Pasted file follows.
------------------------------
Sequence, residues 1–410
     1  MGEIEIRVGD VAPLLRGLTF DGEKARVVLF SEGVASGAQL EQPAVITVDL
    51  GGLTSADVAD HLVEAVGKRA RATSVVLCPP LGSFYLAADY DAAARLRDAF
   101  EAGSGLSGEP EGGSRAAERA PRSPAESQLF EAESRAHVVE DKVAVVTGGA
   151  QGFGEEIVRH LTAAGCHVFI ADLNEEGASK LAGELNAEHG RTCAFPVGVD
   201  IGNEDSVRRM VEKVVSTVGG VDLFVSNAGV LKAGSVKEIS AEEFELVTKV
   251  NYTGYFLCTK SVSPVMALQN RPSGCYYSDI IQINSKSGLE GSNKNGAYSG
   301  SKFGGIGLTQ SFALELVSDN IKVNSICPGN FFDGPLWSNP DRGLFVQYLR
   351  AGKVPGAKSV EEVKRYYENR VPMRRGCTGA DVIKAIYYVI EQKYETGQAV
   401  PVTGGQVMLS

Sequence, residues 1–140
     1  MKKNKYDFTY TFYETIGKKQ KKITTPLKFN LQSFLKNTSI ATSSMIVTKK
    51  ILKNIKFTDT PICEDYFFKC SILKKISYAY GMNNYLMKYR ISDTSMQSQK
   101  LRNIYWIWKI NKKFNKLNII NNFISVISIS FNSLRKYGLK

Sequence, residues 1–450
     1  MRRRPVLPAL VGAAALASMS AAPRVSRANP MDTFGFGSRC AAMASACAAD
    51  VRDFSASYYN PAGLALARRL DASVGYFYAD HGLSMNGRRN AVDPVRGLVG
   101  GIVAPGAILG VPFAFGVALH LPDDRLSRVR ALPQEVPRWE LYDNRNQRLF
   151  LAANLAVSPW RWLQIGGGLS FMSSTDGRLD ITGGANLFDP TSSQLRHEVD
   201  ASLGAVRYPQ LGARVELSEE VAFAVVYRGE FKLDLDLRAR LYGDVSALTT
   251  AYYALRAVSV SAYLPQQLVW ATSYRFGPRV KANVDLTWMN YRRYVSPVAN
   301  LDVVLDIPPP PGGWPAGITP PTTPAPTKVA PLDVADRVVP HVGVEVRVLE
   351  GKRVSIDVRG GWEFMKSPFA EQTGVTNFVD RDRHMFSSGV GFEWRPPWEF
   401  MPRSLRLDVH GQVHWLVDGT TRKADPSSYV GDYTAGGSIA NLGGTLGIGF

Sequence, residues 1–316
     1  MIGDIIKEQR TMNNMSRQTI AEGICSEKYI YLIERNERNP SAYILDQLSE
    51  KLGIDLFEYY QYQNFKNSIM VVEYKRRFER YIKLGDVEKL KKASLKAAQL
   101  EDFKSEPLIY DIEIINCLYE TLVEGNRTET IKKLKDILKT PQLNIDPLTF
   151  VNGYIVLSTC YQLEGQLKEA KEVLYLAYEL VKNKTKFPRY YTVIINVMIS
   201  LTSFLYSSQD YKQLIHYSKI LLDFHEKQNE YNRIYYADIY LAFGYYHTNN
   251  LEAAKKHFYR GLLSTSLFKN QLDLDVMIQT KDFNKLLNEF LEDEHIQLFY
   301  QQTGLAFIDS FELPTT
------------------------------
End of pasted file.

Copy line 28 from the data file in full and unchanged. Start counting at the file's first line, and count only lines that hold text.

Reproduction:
   101  EDFKSEPLIY DIEIINCLYE TLVEGNRTET IKKLKDILKT PQLNIDPLTF